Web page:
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Tax Saving Strategies

7 Terrific Tax Savings Strategies To Make You Money

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Time to take a page from one of America’s Most Popular Game Shows, Jeopardy!

CATEGORY: Expenses

“Whether they like it or not, every American is confronted by this massive, confusing stressful expense year in and year out.”

“What are Income Taxes!”

There is no getting around having to pay taxes. What you can do is to try and minimize the amount of taxes you owe, so you’ll have more money available to save toward your financial goals and other things. In the interest of helping you minimize your tax bill here are some great tax saving strategies sure to keep your money where it belongs, the location of your choosing.

1. ADJUST YOUR TAX WITHHOLDING

Simply put, every time you earn income, you will most likely owe taxes. How much you pay in taxes is determined by your form W-4.  

You can adjust your W-4 at any time during the year, keep in mind that adjustments made later in the year will have less of an impact on your taxes for that year.

Each year taxpayers are surprised in realizing that they’ve either over withheld or under withheld on their taxes.

You can use our paycheck withholding calculator to help determine whether you are likely to be on target based on your current tax filing status and the number of W-4 allowances claimed. In the event of a projected tax surplus, you may be able to increase your W-4 paycheck withholding allowances and, thereby, increase your paycheck amount.

2. INCREASE YOUR 401K CONTRIBUTION

Since 401(K) contributions are pre-tax, the more money you put into your 401(k), the more you can reduce your taxable income, all while building your retirement savings even more. The $19,000 limit in 2019 includes all elective employee salary deferrals, as well as any after-tax contributions made to a designated Roth account within your 401(k).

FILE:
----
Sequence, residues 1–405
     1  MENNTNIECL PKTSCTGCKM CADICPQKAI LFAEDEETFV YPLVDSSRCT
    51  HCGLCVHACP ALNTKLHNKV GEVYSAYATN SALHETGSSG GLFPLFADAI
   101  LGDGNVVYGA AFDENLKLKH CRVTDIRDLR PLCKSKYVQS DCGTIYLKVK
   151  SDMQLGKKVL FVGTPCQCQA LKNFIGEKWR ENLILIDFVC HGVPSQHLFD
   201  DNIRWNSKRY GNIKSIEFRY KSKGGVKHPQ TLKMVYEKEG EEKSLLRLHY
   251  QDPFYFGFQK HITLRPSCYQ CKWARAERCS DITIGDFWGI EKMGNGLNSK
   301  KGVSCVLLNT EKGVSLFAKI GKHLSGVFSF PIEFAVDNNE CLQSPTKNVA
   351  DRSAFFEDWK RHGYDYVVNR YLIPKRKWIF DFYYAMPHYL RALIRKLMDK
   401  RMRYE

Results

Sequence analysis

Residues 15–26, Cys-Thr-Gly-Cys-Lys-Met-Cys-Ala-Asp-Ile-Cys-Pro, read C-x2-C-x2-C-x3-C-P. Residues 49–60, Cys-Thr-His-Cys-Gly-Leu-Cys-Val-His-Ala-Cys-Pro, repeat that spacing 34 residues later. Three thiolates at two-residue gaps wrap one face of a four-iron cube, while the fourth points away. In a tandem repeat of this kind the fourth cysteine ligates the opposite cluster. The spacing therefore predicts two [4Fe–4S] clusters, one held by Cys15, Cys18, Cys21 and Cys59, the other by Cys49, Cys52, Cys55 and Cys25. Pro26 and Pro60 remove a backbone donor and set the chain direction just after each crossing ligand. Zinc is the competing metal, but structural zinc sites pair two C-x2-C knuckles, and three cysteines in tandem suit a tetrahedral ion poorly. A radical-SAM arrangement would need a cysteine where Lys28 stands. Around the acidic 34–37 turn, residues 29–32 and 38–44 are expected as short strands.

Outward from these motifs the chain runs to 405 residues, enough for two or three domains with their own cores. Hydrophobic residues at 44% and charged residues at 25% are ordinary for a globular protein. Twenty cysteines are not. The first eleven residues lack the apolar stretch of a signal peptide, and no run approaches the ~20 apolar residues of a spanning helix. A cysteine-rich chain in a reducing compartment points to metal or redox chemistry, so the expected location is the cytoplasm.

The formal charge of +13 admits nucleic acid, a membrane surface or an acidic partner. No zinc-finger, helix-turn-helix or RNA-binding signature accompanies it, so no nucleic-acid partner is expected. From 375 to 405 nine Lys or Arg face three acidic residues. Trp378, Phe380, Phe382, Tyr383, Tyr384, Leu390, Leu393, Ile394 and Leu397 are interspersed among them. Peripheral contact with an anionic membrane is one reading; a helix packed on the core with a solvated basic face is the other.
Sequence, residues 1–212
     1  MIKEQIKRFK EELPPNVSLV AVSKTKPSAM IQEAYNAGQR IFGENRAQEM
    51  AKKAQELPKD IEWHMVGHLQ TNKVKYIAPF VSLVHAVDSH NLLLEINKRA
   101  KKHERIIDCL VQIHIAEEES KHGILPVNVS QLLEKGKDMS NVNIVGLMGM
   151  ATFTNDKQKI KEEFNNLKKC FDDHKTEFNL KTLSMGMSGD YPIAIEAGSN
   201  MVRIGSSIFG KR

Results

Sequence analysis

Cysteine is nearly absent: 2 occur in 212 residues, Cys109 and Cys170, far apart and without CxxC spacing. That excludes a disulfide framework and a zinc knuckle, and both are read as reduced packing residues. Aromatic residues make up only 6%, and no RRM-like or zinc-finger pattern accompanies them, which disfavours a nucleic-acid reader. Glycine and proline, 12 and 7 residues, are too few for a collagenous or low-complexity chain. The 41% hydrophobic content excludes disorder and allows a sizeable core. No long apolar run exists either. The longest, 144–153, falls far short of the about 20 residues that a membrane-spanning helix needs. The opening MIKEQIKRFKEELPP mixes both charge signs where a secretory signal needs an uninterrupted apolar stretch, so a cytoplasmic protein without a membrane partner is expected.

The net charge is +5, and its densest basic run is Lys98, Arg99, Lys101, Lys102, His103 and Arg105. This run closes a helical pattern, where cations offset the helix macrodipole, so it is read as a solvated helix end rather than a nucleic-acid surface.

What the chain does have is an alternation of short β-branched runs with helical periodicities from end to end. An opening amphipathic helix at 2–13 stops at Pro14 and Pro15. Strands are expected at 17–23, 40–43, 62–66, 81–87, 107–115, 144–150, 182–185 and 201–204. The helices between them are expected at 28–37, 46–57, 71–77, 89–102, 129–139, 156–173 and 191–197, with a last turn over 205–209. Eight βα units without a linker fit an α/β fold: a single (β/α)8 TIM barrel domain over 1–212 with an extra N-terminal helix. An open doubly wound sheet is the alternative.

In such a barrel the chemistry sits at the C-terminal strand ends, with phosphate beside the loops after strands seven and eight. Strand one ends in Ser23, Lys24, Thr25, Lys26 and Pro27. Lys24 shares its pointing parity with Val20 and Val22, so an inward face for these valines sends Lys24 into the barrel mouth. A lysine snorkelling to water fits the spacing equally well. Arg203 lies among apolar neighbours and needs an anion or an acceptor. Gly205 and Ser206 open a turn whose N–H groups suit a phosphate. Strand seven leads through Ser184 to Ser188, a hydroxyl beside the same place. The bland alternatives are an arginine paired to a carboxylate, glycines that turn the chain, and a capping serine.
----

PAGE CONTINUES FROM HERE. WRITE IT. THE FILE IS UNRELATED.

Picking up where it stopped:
3. INCREASE YOUR IRA CONTRIBUTION

Traditional IRAs are great for people needing an immediate tax deduction or those who want to defer income in the hope that their tax bracket might be lower sometime in the future. The tax deduction along with the tax-deferred growth that a Traditional IRA brings can help to build a nice retirement fund.

The Traditional and Roth IRA contribution limit increase by $500 to $6,000 in 2019. If you are age 50 or older, you can contribute an additional $1,000 under the catch-up contribution rule.

4. HEALTH SAVINGS ACCOUNT

The advantage with an HSA is that you can make the tax-deductible contribution here without needing to itemize your deductions.

Under a HAS, you can make a tax-deductible contribution of up to $3,500 for those who are single and up to $7,000 for a family in 2019. The catch-up contribution rule of an additional $1,000 applies here for those age 55 or older.

5. FLEXIBLE SPENDING ACCOUNT

FSA’s or Flexible Spending Accounts are similar to HSAs except for the fact that they have smaller contribution limits.

Because with an FSA you would generally forfeit any unused benefit by year-end, the best option here is to fully use all funds contributed to the plan before the end of the year.

6. QUALIFIED BUSINESS INCOME DEDUCTION

Another terrific tax-saving strategy is the qualified business income deduction that allows small businesses to deduct up to 20% of their qualified business income. This applies to S Corporations, LLCs, partnerships, and those filing Schedule C.

7. A 529 PLAN

Here’s some terrific news for anyone wanting with a 529 savings plan or those wanting to start one. In the past, funds from 529 savings plans could only be used to pay college level costs. Now the plan has been expanded to allow the use of up to $10,000 in 529 plans to pay tuition in grades K through 12.

This is a terrific benefit if you have children in private schools or are considering a move like that this year.

The $10,000 limit is per account, so for example, if you have two plans for your child, the limit is $20,000.

Here are some additional Tax Saving Strategies we use at Borshoff Consulting:

  • Splitting income among several family members or legal entities in order to get more of the income taxed in a lower bracket.
  • Shifting income or expenses from one year to another in order to have them fall where it will be taxed at a lower rate.
  • Deferring tax liabilities through certain investment choices such as pension plans, contributions, and other similar plans.
  • Using certain investments to produce income that is tax exempt from either federal or state or both taxing entities.
  • Finding tax deductions by structuring your money to pay for things you enjoy, such as a vacation home.

Remember, we work for you, not for the IRS. Many of our clients save many times the fee in reduced tax liability through careful planning and legitimate tax strategies.

Schedule your free consultation today.

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